BirdWatch Ireland, Ireland’s largest conservation charity, is very concerned about misinformation that is currently circulating regarding the dates within which the burning of vegetation and cutting of hedges is permitted. It would like to remind landowners that all burning and cutting must cease on 29th February this year and that burning and cutting remains prohibited from 1st March to 31st August.
Despite attempts by the Minister for Arts, Heritage and the Gaeltacht, Heather Humphreys T.D., to change the laws regulating these dates by introducing the Heritage Bill 2016 earlier this year, it is important to note that the proposed date changes were ultimately NOT made. This is because the bill failed to pass through both houses of the Oireachtas before the recent dissolution of the Dáil in advance of the general election.
The laws in place governing the dates for hedge-cutting and upland burning therefore remain unchanged. The period within which cutting and burning is prohibited are set down in Section 40 of the Wildlife Act 1976 (as amended in 2000), which states that:
(a) It shall be an offence for a person to cut, grub, burn or otherwise destroy, during the period beginning on the 1st day of March and ending on the 31st day of August in any year, any vegetation growing on any land not then cultivated.
(b) It shall be an offence for a person to cut, grub, burn or otherwise destroy any vegetation growing in any hedge or ditch during the period mentioned in paragraph (a) of this subsection (above).
The existing law provides exemptions for road safety and other circumstances and should be read carefully to ensure compliance.
Section 40 of the Wildlife Act exists to protect nesting birds. Many of our upland bird species are in decline and are in danger of extinction in Ireland; amongst them is the Curlew, which has declined by 80%. Many birds which nest in hedgerows into August are also in serious decline, including the endangered Yellowhammer. The changes to the cutting and burning dates which had been proposed in the now-defunct Heritage Bill 2016 would have caused serious impacts to these birds. A petition launched by BirdWatch Ireland in conjunction with several other national conservation organisations to stop these changes attracted more than 16,200 signatures and rising.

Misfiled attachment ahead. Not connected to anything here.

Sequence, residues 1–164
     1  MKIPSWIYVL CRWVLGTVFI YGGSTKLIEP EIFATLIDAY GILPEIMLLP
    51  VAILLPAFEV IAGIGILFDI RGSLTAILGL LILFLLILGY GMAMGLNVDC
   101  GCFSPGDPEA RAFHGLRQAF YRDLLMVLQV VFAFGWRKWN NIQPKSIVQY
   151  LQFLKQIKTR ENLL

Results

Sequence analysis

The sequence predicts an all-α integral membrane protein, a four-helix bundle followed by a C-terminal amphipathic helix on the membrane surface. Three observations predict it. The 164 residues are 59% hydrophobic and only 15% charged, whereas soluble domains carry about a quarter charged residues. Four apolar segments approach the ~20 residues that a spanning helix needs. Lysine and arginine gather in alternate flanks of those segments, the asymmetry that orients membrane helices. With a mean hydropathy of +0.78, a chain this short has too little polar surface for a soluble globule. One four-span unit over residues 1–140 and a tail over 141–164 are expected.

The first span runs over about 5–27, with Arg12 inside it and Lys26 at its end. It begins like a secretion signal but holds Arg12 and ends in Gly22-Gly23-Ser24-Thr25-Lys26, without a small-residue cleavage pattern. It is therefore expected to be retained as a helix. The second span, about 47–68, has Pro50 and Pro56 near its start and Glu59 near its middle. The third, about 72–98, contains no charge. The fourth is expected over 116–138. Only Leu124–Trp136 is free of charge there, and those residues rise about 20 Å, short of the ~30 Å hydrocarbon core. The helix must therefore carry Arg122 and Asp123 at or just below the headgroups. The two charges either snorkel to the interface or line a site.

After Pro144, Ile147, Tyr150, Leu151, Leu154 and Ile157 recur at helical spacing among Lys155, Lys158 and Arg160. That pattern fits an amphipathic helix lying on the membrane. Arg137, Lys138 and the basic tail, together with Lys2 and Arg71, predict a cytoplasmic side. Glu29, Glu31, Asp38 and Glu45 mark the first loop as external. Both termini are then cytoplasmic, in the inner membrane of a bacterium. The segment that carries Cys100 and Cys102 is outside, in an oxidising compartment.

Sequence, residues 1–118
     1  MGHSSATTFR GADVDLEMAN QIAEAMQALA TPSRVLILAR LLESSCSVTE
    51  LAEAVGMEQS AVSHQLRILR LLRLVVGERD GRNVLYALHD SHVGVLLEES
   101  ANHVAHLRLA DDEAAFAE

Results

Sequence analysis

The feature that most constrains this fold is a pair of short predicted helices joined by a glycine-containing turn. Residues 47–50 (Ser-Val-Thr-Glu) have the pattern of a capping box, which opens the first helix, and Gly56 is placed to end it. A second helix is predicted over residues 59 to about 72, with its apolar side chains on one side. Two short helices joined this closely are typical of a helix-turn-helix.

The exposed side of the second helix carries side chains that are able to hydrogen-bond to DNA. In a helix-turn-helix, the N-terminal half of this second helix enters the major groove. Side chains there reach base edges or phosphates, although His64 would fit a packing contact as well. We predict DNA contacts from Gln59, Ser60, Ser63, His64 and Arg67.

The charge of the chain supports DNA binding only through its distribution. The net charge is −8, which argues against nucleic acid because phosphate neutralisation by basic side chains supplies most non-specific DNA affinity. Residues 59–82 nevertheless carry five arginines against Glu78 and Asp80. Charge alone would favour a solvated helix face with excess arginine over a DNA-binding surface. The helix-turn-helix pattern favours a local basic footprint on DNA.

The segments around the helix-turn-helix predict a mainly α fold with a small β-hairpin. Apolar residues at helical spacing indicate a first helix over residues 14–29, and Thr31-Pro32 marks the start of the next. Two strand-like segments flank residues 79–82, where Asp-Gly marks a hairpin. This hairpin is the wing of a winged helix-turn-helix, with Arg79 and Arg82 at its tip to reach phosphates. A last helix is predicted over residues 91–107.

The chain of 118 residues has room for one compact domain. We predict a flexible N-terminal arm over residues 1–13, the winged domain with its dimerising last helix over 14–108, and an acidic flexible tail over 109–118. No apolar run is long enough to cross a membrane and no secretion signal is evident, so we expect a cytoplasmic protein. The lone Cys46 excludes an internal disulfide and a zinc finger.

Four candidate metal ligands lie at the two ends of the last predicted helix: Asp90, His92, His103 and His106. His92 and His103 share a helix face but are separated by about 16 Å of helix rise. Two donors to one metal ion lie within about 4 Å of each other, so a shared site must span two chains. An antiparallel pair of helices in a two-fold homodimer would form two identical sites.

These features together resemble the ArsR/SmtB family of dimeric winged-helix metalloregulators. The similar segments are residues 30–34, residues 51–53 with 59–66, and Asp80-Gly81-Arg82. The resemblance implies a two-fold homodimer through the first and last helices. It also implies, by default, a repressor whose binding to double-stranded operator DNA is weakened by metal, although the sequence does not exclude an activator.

BirdWatch Ireland would also like to advise members of the public that if they see hedges being cut or fires in the uplands on or after 1st March, such activity could be illegal. In such cases, we would encourage people to contact the National Parks and Wildlife Service (www.npws.ie) to report such activity.
BirdWatch Ireland warmly welcomes the demise of the Heritage Bill 2016 and sincerely hopes that any future administration will consider the importance of Ireland’s natural heritage and will not attempt to reintroduce such a flawed and damaging piece of legislation.
To contact your local wildlife ranger, click here for contact details. To read the Wildlife (Amendment) Act 2000, click here.
Please DO NOT send any live, dead or skeletal remains of any creature whatsoever to Mooney Goes Wild.
If you find an injured animal or bird, please contact the National Parks & Wildlife Service on 1890 20 20 21, or BirdWatch Ireland, on 01 281-9878, or visit www.irishwildlifematters.ie